Monday, September 8, 2014


Tuesday 19 August
After finishing our shopping and booking out of the hotel room we still had some time to further explore Glasgow. We therefore crossed the city to visit Glasgow Cathedral. The first stone building on the site was dedicated in 1136 while part of the present building was consecrated in 1197. Glasgow Cathedral was one of the few Catholic churches in Scotland to survive the Reformation intact. It is owned by the Crown and is looked after by Historic Scotland.
In the forecourt of the cathedral is a statue of David Livingstone.
Decorative light fittings can also be found in the Cathedral forecourt.
Over the road on the other side of the Cathedral wall can be see part of the Glasgow Necropolis- a major cemetery.

Near the Cathedral is the St Mungo Museum of Religious Life and Art. Upstairs was an exhibition, In Honour's Cause - Glasgow's First World War memorials.
This was a most effective exhibition consisting primarily of photographs of World War I memorials outside and inside buildings in Glasgow.
The final place we visited was the Gallery of Modern Art.  Outside the Gallery is a statue of the Duke of Wellington seated on his horse. Apparently it has become a tradition for traffic cones to be strategically placed on the Duke and his horse, usually by students, to the consternation of elected officials. A social media protest has caused officials to review their decision to spend large sums of money altering the statue plinth to stop the practice.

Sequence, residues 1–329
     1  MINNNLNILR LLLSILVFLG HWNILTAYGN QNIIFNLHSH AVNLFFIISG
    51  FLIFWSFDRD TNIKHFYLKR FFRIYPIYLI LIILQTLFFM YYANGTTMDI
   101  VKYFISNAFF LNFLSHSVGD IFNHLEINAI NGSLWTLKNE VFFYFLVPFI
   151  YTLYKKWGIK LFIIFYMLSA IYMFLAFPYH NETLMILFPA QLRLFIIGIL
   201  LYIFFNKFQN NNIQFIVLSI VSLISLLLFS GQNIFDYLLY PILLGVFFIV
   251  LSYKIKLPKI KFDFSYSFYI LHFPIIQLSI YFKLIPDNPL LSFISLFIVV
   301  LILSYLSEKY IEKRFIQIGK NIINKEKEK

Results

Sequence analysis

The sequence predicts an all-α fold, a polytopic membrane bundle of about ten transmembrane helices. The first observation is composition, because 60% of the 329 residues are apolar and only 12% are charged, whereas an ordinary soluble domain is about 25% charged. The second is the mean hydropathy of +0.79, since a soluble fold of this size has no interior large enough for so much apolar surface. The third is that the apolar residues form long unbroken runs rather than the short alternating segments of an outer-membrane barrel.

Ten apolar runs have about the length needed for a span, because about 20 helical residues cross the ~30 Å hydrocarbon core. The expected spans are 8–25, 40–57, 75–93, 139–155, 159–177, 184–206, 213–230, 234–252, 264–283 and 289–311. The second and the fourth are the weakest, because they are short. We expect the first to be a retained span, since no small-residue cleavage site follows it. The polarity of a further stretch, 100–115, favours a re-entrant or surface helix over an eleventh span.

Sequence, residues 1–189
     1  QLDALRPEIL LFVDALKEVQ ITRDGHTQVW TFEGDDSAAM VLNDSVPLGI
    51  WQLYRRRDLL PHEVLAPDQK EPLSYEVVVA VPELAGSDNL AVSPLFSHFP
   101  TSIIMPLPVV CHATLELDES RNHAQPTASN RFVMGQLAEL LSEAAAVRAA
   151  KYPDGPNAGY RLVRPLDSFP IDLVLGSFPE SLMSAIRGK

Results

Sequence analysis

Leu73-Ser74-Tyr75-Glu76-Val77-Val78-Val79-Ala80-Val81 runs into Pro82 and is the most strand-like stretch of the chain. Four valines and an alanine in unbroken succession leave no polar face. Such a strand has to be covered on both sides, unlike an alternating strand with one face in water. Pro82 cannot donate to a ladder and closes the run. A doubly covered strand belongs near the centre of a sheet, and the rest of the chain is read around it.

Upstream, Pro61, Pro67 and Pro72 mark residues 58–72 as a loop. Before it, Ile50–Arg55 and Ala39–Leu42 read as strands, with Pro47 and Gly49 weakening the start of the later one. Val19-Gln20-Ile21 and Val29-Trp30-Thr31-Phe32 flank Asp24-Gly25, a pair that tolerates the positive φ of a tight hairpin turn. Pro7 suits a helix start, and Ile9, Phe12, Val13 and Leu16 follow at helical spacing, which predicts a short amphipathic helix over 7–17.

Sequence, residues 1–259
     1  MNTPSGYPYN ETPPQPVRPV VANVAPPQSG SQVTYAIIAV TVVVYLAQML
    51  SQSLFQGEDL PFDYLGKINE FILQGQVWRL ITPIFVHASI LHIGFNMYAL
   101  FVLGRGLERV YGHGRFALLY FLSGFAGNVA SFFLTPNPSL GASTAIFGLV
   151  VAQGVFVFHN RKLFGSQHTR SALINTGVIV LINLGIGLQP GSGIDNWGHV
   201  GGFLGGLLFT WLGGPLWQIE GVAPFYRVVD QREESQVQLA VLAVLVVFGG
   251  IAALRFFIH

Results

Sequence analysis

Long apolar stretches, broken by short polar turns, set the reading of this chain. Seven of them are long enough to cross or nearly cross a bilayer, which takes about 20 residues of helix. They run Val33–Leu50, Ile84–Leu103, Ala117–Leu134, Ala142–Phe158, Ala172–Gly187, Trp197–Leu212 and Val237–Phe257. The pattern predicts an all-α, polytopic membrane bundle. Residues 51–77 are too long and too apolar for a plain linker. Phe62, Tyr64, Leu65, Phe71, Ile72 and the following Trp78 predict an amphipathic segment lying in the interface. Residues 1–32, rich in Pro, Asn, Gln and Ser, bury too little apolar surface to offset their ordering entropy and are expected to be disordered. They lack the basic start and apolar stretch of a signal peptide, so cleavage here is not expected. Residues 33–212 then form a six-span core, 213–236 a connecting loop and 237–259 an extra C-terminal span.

The exhibition at the Gallery of Modern Art was entitled Generation: twenty-five years of contemporary art in Scotland. The exhibition did not impress us at all so it was a very quick visit to the gallery, however we did find Wellington's statue amusing.

Our flight to Dubai left in the evening. While we were waiting at the airport we noticed the bright blue sky outside - a little ironic considering the wintry weather we had experienced during our mid summer visit to Scotland.

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